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Attendance and completion of multiple hands-on seminars, together with satisfactory academic activity, documents to verify that one’s daily activity on clinical chemistry MS has met the institutional standard, and passing a written examination for the advanced program are tentative requirements to receive a JSBMS advanced certification for clinical chemistry LC-MS. In the future, it will be interesting to ascertain the impact of the certification programs (both basic and advanced) on the adoption of mass spectrometry and the quality of test results. References [1] Shibata N, Hasegawa Y, Yamada K et al: Newborn screening for carnitine palmitoyltransferase II deficiency using (C16+C18:1)/C2: Evaluation of additional indices for adequate sensitivity and lower false-positivity. Mol Genet Metab Rep. 2018; 16:5-10 [2] Hara K, Waters B, Ikematsu N et al: Development of a preparation method to produce a single sample that can be applied to both LC-MS/MS and GC-MS for the screening of postmortem specimens. Leg Med (Tokyo). 2016; 21: 85-92. [3] Mano N, Sato M, Nozawa M et al: An accurate quantitative LC/ESI-MS/MS method for sirolimus in human whole blood. J Chromatogr B Analyt Technol Biomed Life Sci 2011; 879:987-992. [4] Nomura F: Proteome-based bacterial identification using matrix-assisted laser desorption ionization-time of flight mass spectrometry (MALDI-TOF MS): A revolutionary shift in clinical diagnostic microbiology. Biochim Biophys Acta 2015; 1854: 528-537.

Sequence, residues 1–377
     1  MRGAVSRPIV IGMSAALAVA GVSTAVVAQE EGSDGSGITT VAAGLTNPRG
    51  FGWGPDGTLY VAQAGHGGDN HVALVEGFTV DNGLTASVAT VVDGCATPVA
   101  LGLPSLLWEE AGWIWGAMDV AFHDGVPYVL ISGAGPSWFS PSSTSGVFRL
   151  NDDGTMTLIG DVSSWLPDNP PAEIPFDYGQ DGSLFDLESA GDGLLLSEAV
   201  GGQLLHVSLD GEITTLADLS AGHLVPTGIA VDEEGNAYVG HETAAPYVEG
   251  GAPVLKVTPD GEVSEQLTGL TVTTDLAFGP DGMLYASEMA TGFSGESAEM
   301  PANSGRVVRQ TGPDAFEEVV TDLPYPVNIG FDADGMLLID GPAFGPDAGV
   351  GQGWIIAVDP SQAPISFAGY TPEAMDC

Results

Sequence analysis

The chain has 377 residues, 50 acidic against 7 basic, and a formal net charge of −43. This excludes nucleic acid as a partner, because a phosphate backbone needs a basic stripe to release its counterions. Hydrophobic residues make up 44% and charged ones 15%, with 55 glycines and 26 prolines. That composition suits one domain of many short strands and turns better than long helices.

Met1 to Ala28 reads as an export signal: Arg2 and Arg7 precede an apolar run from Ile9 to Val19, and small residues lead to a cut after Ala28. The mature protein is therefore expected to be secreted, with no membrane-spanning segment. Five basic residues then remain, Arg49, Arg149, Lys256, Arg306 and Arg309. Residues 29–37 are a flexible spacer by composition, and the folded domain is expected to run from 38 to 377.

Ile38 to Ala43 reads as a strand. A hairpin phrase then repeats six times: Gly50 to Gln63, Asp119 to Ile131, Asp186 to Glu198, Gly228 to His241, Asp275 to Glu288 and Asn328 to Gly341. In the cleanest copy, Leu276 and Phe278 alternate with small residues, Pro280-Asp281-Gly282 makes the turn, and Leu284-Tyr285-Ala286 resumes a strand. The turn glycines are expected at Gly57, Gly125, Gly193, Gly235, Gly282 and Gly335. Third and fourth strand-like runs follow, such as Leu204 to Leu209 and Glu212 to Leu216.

Acknowledgement The authors wish to thank Dr.D.B. Goodenowe (President/CEO, Prodrome Sciences Inc.) for his constructive comments and suggestions.

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Table 1: Representative topics covered in one-day extensive course introduction to clinical MS ・Successful examples of clinical applications ・Advantages of MS-based methods as compared with the conventional methods including immunoassays ・New applications of MS to laboratory medicine ・Assay standardization and harmonization ・Basic principles of mass spectrometry ・Roles of medical mass spectrometrist in laboratory medicine

Table 2 :Representative Academic Societies to which JSBMS members belong as dual memberships Clinical Microbiology The Japanese Society for Clinical Microbiology Newborn Screening Japanese Society for Mass Screening Clinical Chemistry Japan Society of Clinical Chemistry Therapeutic Drug Monitoring The Japanese Society of Therapeutic Drug Monitoring Forensic Toxicology Japanese Association for Forensic Toxicology MS Imaging Japanese Society for Molecular Imaging Proteomics HUPO (The Human Proteome Organization)

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Figure 1 Subspecialties of a total of 308 certified Medical Mass Spectrometrists in Japan 96 persons (31%) specialize in microbiology, followed by clinical chemistry, forensic toxicology and newborn screening.